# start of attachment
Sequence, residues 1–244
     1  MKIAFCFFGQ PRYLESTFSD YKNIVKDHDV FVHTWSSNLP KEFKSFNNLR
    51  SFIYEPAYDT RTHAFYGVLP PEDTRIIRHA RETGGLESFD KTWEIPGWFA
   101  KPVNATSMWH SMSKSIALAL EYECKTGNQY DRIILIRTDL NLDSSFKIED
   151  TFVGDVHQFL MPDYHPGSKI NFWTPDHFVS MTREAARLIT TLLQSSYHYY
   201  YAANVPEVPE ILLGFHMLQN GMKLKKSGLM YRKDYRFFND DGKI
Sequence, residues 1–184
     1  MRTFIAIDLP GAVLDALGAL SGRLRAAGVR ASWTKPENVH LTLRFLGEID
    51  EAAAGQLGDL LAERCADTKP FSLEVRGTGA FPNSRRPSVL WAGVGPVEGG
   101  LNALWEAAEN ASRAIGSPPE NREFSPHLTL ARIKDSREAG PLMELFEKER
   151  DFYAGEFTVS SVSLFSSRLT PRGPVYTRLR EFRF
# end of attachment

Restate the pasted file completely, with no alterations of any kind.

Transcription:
Sequence, residues 1–244
     1  MKIAFCFFGQ PRYLESTFSD YKNIVKDHDV FVHTWSSNLP KEFKSFNNLR
    51  SFIYEPAYDT RTHAFYGVLP PEDTRIIRHA RETGGLESFD KTWEIPGWFA
   101  KPVNATSMWH SMSKSIALAL EYECKTGNQY DRIILIRTDL NLDSSFKIED
   151  TFVGDVHQFL MPDYHPGSKI NFWTPDHFVS MTREAARLIT TLLQSSYHYY
   201  YAANVPEVPE ILLGFHMLQN GMKLKKSGLM YRKDYRFFND DGKI
Sequence, residues 1–184
     1  MRTFIAIDLP GAVLDALGAL SGRLRAAGVR ASWTKPENVH LTLRFLGEID
    51  EAAAGQLGDL LAERCADTKP FSLEVRGTGA FPNSRRPSVL WAGVGPVEGG
   101  LNALWEAAEN ASRAIGSPPE NREFSPHLTL ARIKDSREAG PLMELFEKER
   151  DFYAGEFTVS SVSLFSSRLT PRGPVYTRLR EFRF